What to Say at a Funeral

Some things you can say when words fail

When paying your respects, it can be daunting to find the right words. When someone you care about is in mourning, nothing feels quite right—and the anxiety of saying “the wrong thing” can be paralyzing. 

We asked Claudia Coenen, certified grief counselor and Fellow in Thanatology (an advanced certification in the the study of Death, Dying, and Bereavement) to shed some light on funeral etiquette.

Next time you find yourself at a funeral—or a memorial service, celebration of life, wake, or shiva—we hope these tips empower you to share a meaningful, healing moment with a bereaved loved one or family member. 

What should you say to a grieving person at a funeral? 

Right off the bat, Coenen encourages those who might be at a loss for words to perhaps… not say anything at all.

“Just show up,” she says, simply. “It’s completely okay to hang back and sit at a memorial in a compassionate way. A warm look or a gentle touch can go farther than platitudes, which can sound insincere and annoying to bereaved people.”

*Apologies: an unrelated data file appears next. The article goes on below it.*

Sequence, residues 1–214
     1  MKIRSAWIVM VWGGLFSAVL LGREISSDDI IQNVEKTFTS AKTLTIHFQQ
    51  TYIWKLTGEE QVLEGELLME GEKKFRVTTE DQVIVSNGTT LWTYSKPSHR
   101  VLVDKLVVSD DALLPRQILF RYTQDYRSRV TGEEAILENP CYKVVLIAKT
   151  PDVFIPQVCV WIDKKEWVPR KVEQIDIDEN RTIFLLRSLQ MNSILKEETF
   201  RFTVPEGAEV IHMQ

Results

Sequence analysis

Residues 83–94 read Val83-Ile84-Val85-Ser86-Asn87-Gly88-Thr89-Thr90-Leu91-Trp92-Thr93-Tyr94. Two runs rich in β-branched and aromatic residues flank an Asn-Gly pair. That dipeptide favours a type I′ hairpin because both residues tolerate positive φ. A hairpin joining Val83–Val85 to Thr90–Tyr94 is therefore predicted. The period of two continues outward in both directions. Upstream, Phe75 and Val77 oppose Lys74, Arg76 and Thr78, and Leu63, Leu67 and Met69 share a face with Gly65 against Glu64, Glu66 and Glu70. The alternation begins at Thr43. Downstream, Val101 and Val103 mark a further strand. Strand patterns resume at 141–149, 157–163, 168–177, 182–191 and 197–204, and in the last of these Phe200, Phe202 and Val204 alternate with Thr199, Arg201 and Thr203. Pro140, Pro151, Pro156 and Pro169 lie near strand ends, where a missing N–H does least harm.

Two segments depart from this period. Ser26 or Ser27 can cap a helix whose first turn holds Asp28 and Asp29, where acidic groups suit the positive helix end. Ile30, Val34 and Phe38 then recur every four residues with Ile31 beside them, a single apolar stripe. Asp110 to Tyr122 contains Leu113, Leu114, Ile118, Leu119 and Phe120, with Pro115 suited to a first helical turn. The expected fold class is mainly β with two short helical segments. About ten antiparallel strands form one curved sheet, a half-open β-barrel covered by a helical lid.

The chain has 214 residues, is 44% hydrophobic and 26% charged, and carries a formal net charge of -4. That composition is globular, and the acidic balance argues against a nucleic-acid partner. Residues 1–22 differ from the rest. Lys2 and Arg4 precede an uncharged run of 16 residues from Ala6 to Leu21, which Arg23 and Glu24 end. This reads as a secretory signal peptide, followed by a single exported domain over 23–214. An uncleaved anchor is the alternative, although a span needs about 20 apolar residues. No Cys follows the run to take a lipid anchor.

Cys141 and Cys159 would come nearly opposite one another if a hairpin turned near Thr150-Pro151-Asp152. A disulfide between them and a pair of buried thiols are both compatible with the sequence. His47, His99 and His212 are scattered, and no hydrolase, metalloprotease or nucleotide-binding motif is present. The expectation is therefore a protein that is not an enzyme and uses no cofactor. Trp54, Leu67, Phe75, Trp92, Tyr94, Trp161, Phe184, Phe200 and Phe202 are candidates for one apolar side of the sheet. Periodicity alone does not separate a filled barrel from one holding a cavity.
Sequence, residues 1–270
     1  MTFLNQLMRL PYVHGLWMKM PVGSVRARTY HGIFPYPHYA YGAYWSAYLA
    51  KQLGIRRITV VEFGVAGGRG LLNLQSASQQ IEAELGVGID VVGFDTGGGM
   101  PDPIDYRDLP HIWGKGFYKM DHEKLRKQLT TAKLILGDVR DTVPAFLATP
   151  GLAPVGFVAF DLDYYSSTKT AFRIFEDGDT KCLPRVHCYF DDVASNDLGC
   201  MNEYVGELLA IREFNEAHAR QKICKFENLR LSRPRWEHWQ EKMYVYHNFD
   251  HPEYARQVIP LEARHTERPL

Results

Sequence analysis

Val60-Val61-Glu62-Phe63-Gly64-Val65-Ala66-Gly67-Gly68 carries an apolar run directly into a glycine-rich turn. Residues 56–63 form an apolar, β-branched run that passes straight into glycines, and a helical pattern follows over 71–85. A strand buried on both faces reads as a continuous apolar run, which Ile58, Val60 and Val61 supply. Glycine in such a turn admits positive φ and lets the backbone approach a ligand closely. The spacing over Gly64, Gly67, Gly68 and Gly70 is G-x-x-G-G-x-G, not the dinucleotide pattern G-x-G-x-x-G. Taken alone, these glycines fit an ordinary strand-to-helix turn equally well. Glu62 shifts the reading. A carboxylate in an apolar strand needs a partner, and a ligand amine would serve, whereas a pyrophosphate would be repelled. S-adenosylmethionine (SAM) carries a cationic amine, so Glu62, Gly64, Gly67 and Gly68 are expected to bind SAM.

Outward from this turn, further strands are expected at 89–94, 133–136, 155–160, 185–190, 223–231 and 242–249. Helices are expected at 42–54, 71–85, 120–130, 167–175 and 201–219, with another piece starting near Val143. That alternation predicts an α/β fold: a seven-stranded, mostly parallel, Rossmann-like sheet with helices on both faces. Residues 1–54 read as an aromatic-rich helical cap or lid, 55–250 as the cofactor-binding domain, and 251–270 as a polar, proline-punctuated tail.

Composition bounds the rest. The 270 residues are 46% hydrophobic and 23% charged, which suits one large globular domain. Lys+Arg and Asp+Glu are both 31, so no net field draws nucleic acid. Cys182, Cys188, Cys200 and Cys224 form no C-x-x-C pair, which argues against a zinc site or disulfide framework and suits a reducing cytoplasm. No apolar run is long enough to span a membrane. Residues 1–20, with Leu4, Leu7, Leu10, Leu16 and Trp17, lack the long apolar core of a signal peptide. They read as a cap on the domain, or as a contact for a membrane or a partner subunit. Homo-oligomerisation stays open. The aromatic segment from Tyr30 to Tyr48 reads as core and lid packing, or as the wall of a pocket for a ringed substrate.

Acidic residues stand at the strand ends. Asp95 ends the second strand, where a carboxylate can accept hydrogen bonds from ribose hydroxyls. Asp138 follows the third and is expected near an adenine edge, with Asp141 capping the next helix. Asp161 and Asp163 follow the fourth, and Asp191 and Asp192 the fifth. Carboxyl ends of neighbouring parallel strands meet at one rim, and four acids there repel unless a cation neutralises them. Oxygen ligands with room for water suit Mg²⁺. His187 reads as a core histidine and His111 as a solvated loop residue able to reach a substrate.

If you do wish to offer your condolences to the mourners, “pay attention to the setting, to who’s there,” Coenen explains. “Don’t push yourself forward, wait your turn. Listen to what the bereaved person is saying, and match their tone.”

When it’s your turn to speak to the bereaved, she recommends a few tried-and-true words of sympathy: 

  • “I’m sorry” 
  • “I’ll be here for you”
  • “They were a lovely person/they made me feel welcome/they taught me so much” (this lets the bereaved person know that you cared about this person as well, that this person’s life mattered
  • “I’m holding you in my heart” 
  • “How are you?” (wait for them to answer, then really listen) 

What if you have more to say?

Sharing stories about a deceased person can be welcome, but you need to be sensitive to the time and place, Coenen cautions. 

“At shivas and wakes, it’s common to share stories about the deceased,” she says. “Sometimes guests might be invited to say something. If you knew the deceased person well, come prepared with a small statement.”  

Perhaps a family member has asked you to share some more formal or elaborate words about the deceased, in the form of a eulogy. This might seem like a lot of pressure, but Coenen has some specific advice for striking the right tone. 

And perhaps this goes without saying, but we’re glad Coenen said it anyway: “Only tell positive stories.”